In short. If you’re not meeting your own needs or potential, you might be experiencing negative thoughts, anxiety or even low mood and depression.


Remember that needs and desires are unique to you, just like your wellbeing. What I need to satisfy my higher needs could be completely different to what you need to reach yours.


We’re all snowflakes, in it together but subtly different in our own unique ways. 


What causes lack of motivation?


There are many reasons why we can feel unmotivated to take that step into growth here’s a few popular ones:



Just because the motivation is there, doesn’t mean the action is going to be easy. Change is often uncomfortable, sometimes painful and I can guarantee you that not everyone approaches goals with the limitless amount of pizazz and unconditionally positivity that some influencers do. Some days will be hard but the reward comes when you look back to see how far you’ve come and what you’ve achieved!


Not doing it for yourself

Sometimes we set ourselves goals or decide to change ourselves based on what other people want, not what we want. Doing something for someone else is admirable, but is it truly going to satisfy your own needs and desires? 


Lack of clarity 

Did you know that you’re statistically more likely to reach your goal if you write it down? If we’re only sure of the general direction but not clear on the final destination then it’s going to be hard to bat away those devilish thoughts to just give up. Get really specific about what you want, how it looks feels, even tastes like if your goal is to bake that tastiest cheesecake in the world (I’m happy to volunteer as a taster… just saying)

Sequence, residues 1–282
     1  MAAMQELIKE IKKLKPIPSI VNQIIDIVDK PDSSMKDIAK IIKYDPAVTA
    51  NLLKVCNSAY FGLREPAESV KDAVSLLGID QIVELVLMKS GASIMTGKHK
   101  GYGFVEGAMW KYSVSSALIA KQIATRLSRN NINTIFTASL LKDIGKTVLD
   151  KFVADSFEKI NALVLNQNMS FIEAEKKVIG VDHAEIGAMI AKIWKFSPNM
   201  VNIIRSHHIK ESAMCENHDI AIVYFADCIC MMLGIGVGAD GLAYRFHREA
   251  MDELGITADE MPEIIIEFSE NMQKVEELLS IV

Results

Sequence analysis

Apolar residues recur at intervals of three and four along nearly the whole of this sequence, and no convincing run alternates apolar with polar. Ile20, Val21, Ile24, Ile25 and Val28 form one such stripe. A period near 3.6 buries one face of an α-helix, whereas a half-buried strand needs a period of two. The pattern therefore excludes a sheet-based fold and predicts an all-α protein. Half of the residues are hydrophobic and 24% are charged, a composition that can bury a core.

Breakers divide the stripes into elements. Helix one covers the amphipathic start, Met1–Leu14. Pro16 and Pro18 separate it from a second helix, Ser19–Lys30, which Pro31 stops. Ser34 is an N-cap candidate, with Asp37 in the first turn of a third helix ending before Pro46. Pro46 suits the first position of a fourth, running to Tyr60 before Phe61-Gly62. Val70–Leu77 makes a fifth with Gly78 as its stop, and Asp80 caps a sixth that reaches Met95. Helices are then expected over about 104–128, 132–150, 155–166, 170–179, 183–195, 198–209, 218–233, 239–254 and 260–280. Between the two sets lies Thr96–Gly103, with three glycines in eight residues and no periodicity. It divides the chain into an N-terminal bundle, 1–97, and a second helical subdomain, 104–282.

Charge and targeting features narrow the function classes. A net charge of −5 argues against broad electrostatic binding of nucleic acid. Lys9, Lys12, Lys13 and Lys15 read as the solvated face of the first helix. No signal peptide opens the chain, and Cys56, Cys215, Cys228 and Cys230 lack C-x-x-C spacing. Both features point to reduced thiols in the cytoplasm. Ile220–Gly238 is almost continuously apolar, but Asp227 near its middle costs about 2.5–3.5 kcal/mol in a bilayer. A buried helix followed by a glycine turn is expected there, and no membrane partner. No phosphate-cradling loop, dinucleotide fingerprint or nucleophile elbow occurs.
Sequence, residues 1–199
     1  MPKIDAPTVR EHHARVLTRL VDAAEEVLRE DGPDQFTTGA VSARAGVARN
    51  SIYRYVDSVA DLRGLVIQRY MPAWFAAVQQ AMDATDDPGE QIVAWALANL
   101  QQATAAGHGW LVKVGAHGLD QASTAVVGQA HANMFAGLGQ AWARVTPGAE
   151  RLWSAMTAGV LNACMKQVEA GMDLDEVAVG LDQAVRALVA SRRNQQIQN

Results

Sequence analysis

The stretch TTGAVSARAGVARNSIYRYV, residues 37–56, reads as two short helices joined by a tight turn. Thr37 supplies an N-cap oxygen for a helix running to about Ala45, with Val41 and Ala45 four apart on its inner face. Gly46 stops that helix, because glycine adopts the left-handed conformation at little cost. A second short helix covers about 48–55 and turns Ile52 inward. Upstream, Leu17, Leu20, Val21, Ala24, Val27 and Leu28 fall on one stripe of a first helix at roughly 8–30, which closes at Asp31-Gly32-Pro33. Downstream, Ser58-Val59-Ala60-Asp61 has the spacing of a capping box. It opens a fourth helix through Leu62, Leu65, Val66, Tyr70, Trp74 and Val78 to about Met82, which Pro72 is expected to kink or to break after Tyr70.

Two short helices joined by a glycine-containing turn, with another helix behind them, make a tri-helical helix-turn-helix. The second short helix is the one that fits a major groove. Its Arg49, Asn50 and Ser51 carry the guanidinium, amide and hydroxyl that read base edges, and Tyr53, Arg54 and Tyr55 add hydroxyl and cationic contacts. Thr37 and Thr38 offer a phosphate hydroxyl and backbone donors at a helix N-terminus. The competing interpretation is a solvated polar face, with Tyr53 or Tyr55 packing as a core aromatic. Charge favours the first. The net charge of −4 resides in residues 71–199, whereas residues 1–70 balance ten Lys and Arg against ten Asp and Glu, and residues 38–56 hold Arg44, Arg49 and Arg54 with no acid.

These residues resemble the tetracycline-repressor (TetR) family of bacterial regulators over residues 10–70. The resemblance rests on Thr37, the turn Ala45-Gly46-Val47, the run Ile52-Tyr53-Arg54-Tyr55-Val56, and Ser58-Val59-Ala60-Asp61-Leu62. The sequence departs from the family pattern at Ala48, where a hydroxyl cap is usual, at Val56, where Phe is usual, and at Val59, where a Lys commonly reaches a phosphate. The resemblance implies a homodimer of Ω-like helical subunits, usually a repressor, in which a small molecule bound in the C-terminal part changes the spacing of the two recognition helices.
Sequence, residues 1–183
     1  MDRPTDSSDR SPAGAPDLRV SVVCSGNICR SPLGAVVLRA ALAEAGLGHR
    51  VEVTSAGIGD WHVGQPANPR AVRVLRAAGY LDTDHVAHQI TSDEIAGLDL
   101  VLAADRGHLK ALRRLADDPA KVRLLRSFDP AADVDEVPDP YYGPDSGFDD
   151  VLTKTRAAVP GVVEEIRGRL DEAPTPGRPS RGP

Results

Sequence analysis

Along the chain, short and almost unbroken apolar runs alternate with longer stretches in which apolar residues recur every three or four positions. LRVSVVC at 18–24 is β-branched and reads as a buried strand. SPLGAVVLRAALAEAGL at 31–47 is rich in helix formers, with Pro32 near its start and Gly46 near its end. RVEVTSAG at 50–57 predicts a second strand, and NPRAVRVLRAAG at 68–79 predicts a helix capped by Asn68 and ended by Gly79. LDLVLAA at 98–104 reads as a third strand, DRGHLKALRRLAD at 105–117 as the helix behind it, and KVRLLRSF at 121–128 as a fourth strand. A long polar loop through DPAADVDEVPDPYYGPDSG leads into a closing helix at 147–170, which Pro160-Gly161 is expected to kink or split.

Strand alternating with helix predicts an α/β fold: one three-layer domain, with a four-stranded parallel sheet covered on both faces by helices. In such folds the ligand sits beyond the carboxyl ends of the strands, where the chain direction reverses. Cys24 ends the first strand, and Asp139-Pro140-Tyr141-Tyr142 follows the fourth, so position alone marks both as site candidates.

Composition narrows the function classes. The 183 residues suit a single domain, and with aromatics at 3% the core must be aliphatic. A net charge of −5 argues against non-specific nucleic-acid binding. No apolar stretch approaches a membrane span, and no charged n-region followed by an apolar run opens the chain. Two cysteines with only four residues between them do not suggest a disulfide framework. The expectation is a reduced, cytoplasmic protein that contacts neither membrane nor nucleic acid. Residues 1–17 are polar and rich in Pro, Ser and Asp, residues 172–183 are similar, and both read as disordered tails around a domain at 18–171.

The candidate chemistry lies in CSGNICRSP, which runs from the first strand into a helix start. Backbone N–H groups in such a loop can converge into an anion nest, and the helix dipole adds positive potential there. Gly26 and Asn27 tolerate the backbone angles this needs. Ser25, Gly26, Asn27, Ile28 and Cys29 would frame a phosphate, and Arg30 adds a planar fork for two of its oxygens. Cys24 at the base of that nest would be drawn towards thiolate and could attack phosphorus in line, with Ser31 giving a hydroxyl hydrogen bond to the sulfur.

• Self doubt or criticism

Starting is the scariest first step towards a goal because it means you can fail. No one likes to feel like a failure and that doubt causes so many people to not even contemplate a life different to the one they’re living. 

There are occasions where experiencing a lack of motivation can be a symptom of wider mental health issues. If you’re concerned that your lack of motivation is linked to mental health issues then it’s important to seek advice and support.


How can I become more motivated?


If you’ve got this far and said to yourself, “that’s me” or “I do that all the time” then I have some good news for you. 


You can get better at using your motivation to your own advantage. 


What I mean by using it to your own advantage is motivation isn’t a one trick pony. It’s not a case of having it or not having it. Rather than writing yourself off as unmotivated, spend some time tapping into first what actually motivates you and also when you’re really motivated to do it. 


I like the sea. It’s calming, fun to swim in or spend the day next to reading. It’s also really good at explaining motivation.